As a trained family mediator I have found that many family lawyers comment that their clients have mixed and confusing views on what is best for the children when they separate from their partner.
Often (and sadly) we will see one party pay lip service to the promotion of contact with the other parent whilst appearing to do everything they can to denigrate their ex and to put obstacles in the way of co-operative management of their children’s arrangements.
Some parents will refuse to allow the child to meet the other parent’s new partner even when they themselves have new partners.
In such circumstances, it seems that little attention is paid to the child’s wishes or aims and they can, unfortunately, become unwitting pawns in an increasingly bitter battle between the two most important people in their young lives.
The starting point is that the parents should agree about the arrangements for the children between themselves by being “responsible” parents, and focussing on the interests and welfare of their children. If parents cannot resolve the issues themselves when they face the risk of a court imposing a solution upon them, which may not be to either’s satisfaction and may not help the child also.
That is why the government and courts want people to try Family Mediation before they issue court applications. Mediation is a different way of helping parents resolve their issues between themselves with the help of an impartial mediator. The mediator does not impose a solution and does not make judgments on who is right or wrong. Our role, as a family mediator, is to try to help parents to reach an acceptable solution between themselves; to focus as a team on their children; improve communication and to listen to each other. Research shows that parents who settle issues in mediation are far more likely to stick to their agreed arrangements and to encourage further discussion when circumstances require. Many parents going through mediation tell us that they communicate better and understand each other.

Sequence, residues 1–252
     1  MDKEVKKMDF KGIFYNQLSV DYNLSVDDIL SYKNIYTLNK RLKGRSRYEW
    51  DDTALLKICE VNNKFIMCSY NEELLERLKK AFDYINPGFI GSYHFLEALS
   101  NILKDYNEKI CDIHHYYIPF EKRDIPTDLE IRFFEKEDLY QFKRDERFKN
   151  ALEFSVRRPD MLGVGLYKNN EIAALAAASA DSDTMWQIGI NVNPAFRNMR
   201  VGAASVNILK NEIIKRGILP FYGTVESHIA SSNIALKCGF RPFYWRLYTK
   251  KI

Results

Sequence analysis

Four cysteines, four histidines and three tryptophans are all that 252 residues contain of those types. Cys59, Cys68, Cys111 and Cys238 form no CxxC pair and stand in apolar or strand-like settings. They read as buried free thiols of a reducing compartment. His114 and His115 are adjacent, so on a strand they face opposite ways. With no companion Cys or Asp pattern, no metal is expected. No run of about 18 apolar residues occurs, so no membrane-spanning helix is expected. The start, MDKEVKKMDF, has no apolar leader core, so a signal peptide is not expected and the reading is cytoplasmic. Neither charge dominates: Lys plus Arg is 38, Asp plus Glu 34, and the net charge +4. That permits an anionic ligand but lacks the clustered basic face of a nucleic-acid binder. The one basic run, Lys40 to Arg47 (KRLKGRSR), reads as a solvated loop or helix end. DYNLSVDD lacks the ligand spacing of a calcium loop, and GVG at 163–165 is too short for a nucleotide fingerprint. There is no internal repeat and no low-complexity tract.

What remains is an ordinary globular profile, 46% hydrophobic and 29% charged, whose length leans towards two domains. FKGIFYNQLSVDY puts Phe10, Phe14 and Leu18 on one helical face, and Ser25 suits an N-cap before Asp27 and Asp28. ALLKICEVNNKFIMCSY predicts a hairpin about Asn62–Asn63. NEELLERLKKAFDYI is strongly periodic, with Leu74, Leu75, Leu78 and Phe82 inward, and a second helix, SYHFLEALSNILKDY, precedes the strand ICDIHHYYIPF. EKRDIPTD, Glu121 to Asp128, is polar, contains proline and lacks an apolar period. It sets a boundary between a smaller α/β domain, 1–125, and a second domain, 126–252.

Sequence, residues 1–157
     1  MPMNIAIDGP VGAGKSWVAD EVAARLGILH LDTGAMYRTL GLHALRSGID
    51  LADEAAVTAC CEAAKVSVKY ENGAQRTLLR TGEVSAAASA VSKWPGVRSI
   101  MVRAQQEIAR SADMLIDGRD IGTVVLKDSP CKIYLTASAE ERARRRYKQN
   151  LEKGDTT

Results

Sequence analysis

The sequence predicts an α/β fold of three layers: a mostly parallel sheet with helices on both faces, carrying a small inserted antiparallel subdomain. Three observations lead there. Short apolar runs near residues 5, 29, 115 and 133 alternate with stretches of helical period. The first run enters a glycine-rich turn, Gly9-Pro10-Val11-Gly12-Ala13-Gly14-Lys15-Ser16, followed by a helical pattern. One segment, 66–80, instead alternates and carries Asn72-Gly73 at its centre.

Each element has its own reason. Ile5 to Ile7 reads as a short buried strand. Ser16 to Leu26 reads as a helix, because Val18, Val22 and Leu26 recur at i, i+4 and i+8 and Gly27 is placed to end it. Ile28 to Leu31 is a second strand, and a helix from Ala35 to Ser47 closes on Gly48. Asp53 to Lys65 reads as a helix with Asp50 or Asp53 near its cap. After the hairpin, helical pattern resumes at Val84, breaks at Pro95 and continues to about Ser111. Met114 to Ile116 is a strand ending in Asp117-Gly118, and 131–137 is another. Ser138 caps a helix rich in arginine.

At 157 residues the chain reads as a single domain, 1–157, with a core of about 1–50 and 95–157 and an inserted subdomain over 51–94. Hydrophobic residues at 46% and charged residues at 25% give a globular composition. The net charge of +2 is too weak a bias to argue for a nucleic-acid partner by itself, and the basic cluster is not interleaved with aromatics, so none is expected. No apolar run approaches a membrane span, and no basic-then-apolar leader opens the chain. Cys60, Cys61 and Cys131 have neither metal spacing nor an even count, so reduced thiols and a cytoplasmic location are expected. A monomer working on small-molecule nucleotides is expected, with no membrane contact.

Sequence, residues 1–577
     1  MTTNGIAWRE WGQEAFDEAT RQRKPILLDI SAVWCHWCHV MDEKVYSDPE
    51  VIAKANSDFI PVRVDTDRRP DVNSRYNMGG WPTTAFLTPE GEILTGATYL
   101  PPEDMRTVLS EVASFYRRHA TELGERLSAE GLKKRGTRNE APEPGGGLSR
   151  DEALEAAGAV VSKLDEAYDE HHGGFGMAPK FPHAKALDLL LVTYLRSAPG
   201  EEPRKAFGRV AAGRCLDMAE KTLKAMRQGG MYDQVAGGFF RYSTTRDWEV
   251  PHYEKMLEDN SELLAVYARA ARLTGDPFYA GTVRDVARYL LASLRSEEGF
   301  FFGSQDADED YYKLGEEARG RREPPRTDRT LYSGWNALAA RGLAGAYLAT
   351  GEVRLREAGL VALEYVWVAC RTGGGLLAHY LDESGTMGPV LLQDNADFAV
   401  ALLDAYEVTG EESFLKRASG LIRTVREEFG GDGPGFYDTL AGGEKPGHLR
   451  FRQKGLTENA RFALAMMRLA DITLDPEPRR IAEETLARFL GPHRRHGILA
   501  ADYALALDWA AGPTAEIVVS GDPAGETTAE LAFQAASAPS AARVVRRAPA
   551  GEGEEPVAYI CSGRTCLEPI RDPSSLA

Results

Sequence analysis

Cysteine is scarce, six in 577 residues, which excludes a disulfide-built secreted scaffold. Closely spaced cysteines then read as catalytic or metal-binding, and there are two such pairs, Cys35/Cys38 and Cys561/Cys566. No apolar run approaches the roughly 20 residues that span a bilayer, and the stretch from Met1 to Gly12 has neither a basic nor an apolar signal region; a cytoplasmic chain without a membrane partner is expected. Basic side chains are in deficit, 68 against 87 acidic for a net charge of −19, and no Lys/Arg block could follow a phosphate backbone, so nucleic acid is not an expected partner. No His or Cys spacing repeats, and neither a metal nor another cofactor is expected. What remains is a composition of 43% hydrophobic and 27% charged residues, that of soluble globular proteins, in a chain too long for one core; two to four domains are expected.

Mediation offers parents the opportunity and a forum to raise and discuss issues – even to argue – which is not available in court proceedings. Indeed many parents who “want their day” are frustrated by the process which often does not allow them to be heard as they would wish.
Mediation is a voluntary process and does not suit everyone. I tell parents that they have to want a solution and be prepared to compromise; otherwise, there is no point in proceeding with mediation.
Family Mediation is worth considering in all such cases, or when dealing with financial and property matters on a divorce, or co-habitation breakdown where there are similar issues regarding child arrangements or property co-ownership problems.
Beswicks’ family lawyers can bring an extra dimension offering Family Mediation to separated couples where outcomes can be achieved much quicker and often significantly cheaper than each of them using a lawyer and incurring heavy legal costs.